United States District Court, S.D. New York
November 5, 2004.
VICTOR P. MUSKIN, P.C., Plaintiff,
RAYMOND E.B. KETCHUM and CEA FINANCIAL GROUP, INC., Defendants.
The opinion of the court was delivered by: KEVIN FOX, Magistrate Judge
MEMORANDUM AND ORDER
In a memorandum and order, dated October 20, 2004 ("October
20th Order"), the Court directed the Clerk of Court to enter a
default judgment against defendant Raymond E.B. Ketchum
("Ketchum"). In addition, the Court declined to entertain an
application by plaintiff Victor P. Muskin, P.C. ("Muskin"), that
it be permitted to register the default judgment immediately in
other judicial districts ("registration application"). Muskin has
submitted a letter to the Court, renewing its registration
application, and clarifying that the application is made pursuant
to 28 U.S.C. § 1963.*fn1 Muskin notes, as well, that the
Clerk of Court entered a default judgment against both Ketchum
and defendant CEA Financial Group ("CEA"), and Muskin has
requested that the judgment be modified to reflect that it is
against Ketchum only.
Immediate Registration in Other Judicial Districts
In pertinent part, 28 U.S.C. § 1963 provides that "[a] judgment
in an action for the recovery of money or property entered in any . . . district court
. . . may be registered by filing a certified copy of the
judgment in any other district . . . when the judgment has become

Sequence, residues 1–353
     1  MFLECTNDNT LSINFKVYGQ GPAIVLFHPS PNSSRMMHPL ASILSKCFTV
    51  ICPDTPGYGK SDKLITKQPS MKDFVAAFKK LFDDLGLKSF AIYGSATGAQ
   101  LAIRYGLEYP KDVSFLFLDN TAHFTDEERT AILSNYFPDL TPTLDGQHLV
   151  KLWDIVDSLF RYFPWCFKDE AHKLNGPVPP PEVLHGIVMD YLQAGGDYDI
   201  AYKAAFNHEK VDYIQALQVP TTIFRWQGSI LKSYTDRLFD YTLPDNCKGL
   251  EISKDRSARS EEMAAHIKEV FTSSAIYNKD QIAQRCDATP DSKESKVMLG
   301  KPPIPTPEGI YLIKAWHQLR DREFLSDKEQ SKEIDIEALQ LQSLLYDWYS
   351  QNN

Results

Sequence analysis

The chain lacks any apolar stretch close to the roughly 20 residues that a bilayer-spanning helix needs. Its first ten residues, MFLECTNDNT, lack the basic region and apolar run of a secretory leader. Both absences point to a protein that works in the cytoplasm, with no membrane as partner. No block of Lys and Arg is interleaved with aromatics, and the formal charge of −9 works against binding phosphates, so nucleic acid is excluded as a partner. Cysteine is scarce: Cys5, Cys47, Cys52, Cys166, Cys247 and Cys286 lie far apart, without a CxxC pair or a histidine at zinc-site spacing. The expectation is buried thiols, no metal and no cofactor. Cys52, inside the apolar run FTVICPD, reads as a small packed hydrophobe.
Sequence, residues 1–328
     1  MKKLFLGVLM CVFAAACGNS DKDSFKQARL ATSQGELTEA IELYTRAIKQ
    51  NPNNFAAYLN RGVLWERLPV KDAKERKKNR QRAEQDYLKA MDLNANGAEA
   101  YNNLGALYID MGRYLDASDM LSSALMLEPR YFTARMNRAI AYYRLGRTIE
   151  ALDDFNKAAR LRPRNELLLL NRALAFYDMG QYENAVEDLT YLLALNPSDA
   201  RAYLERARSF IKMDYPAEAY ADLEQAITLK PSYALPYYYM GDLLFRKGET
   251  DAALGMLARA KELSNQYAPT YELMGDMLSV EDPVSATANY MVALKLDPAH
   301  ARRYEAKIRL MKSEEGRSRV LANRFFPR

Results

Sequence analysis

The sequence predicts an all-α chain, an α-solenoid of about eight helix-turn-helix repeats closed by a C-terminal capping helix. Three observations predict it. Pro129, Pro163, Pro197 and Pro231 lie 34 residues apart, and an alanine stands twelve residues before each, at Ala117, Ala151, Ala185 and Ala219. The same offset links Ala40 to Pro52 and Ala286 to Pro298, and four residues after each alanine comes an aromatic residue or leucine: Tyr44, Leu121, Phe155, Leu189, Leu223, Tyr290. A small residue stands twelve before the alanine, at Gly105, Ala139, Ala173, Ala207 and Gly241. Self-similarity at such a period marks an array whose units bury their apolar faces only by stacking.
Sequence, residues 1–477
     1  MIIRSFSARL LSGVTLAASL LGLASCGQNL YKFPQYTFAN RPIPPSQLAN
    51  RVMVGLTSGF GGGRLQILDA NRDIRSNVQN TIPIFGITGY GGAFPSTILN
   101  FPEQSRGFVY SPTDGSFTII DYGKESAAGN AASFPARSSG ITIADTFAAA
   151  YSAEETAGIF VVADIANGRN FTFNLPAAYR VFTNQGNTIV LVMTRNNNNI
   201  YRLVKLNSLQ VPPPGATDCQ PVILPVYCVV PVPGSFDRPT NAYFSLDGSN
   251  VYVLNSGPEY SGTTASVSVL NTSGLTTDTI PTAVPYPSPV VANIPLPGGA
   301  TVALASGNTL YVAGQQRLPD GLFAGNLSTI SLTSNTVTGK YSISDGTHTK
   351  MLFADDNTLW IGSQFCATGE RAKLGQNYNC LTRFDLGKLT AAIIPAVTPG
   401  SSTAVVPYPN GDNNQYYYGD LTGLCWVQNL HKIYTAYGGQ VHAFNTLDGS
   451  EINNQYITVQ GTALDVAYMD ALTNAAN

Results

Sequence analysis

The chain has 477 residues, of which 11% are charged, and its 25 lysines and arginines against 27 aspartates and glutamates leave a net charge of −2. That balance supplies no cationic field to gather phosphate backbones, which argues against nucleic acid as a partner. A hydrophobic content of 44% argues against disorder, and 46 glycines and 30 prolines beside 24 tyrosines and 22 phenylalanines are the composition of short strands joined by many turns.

final by appeal or expiration of the time for appeal or when
ordered by the court that entered the judgment for good cause
shown." Good cause is established upon a showing that the party
against whom the judgment has been entered: (a) has substantial
property in another judicial district; and (b) has insufficient
property in the judicial district in which the judgment was
entered to satisfy the judgment. See Owen v. Soundview
Financial Group, Inc., 71 F. Supp. 2d 278, 278-79 (S.D.N.Y.
1999). A court may rely on affidavits and other documentary
evidence in order to determine whether good cause has been shown.
See, e.g., id. at 279. However, good cause is not
established by the mere fact that a defendant resides in another
judicial district. See Bingham v. Zolt, 823 F. Supp. 1126,
1136 (S.D.N.Y. 1993).
In this action, the only competent evidence submitted in
support of the registration application is the declaration of
Victor P. Muskin, counsel to the plaintiff. In that declaration,
Mr. Muskin states that "based upon information provided by
Defendant Ketchum, . . . although Ketchum possesses assets
located in another district from which the judgment could be
satisfied, he is or may be about to encumber or dispose of such
assets prior to satisfying his obligation to Plaintiff." This
establishes that Ketchum has substantial property in another
judicial district. However, Muskin has not submitted any
competent evidence to show that Ketchum has insufficient property
in this judicial district to satisfy the judgment. Accordingly,
Muskin has not shown good cause, as required by 28 U.S.C. § 1963,
for the Court to grant the registration application. Therefore,
the registration application must be denied. Modification of Default Judgment
The October 20th Order directed the Clerk of Court to enter a
default judgment against Ketchum only, and did not address the
part of Muskin's default judgment application that applied to
CEA. Accordingly, the default judgment should be modified to
reflect that it is against Ketchum only.
For the reasons set forth above: (1) Muskin's application,
pursuant to 28 U.S.C. § 1963, is denied; and (2) the Clerk of
Court is directed to modify the default judgment, entered on
October 20, 2004, to reflect that it is against Ketchum only.